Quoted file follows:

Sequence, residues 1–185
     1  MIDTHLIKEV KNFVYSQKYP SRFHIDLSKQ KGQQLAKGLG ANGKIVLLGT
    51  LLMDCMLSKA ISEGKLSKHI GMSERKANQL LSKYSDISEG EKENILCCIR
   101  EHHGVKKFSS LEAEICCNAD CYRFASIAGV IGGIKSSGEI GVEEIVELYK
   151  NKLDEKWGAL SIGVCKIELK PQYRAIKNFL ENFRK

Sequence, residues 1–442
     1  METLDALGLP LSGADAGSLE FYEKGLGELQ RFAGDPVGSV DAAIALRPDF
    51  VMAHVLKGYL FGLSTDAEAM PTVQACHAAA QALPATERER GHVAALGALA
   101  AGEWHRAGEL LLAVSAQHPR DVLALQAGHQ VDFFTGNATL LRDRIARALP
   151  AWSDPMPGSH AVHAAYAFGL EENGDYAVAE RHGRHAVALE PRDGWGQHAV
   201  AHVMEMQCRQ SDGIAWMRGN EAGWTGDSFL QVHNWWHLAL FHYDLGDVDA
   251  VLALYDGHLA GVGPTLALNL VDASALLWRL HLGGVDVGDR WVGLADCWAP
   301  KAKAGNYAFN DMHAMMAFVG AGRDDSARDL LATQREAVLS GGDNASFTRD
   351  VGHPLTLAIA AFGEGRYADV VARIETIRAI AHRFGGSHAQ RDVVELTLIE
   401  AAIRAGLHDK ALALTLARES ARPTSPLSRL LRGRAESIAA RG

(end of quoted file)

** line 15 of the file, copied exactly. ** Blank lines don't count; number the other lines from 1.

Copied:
   401  AAIRAGLHDK ALALTLARES ARPTSPLSRL LRGRAESIAA RG